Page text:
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Penwortham Bridge
River Ribble, Penwortham, Lancashire, UK
Penwortham Bridge
associated engineer
Not known
date  1759
UK era  Georgian  |  category  Bridge  |  reference  SD529283
ICE reference number  HEW 1348
photo  ICE R&D Fund
A Georgian masonry road bridge over the River Ribble that is now used for foot traffic. Its construction date can be seen carved in the centre of the eastern parapet. Although we don't know who designed it, we do know that it was built to replace a bridge on this spot that collapsed just one year after completion.
The river is still tidal at this point and so varies in depth through the day. The bridge has five segmental circular arches over the water and a sixth on the north side that sits at roughly right angles to the main part of the bridge, originally designed to carry the approach road from Preston.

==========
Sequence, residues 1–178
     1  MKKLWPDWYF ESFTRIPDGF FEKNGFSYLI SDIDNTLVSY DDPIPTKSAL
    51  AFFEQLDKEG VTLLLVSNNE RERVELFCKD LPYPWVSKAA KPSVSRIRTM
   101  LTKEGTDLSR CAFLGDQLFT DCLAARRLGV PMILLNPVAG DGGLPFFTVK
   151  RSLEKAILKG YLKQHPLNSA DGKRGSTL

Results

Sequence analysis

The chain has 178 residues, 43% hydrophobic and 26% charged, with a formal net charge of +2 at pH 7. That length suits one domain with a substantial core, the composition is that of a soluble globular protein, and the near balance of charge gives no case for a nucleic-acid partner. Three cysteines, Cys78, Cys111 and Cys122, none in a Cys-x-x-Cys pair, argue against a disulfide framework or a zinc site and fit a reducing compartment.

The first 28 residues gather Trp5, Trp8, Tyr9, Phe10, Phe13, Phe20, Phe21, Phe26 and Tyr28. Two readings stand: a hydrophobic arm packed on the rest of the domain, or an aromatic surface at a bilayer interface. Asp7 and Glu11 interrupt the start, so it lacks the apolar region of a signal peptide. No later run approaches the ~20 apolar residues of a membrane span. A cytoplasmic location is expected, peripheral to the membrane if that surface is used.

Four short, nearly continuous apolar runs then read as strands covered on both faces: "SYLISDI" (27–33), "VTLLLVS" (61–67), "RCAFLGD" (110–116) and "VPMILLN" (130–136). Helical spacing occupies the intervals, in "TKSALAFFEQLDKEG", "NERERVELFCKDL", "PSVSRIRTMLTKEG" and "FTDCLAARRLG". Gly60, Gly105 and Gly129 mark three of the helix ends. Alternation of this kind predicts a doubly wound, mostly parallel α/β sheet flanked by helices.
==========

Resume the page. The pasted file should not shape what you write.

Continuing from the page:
The spans measure (starting on the north side): 12.6m, 15.1m, 18.19m, 14.94m and 12.6m. The pointed cutwaters at the piers are carried up to deck level, where they are expresses as triangular projections from the deck. The voussoirs of the arches are laid radially. An upper course in the form of a label mould disguises discrepancies between the arches and the spandrels.
The bridge's deck is 5.49m wide, has a cobbled surface and solid parapets. There is an asphalt footway on the downstream side. A cast iron lamp standard is located in a projection on the eastern side.
The bridge originally carried the main road from Preston to Leyland, Southport and Liverpool. It has been superseded in recent years by the the modern A59 bridge half a mile downstream.
Research: PHEW
"The Ancient Bridges of Northern England" by E. Jervoise, Architectural Press, London, 1931
reference sources   ICE / INCH

Penwortham Bridge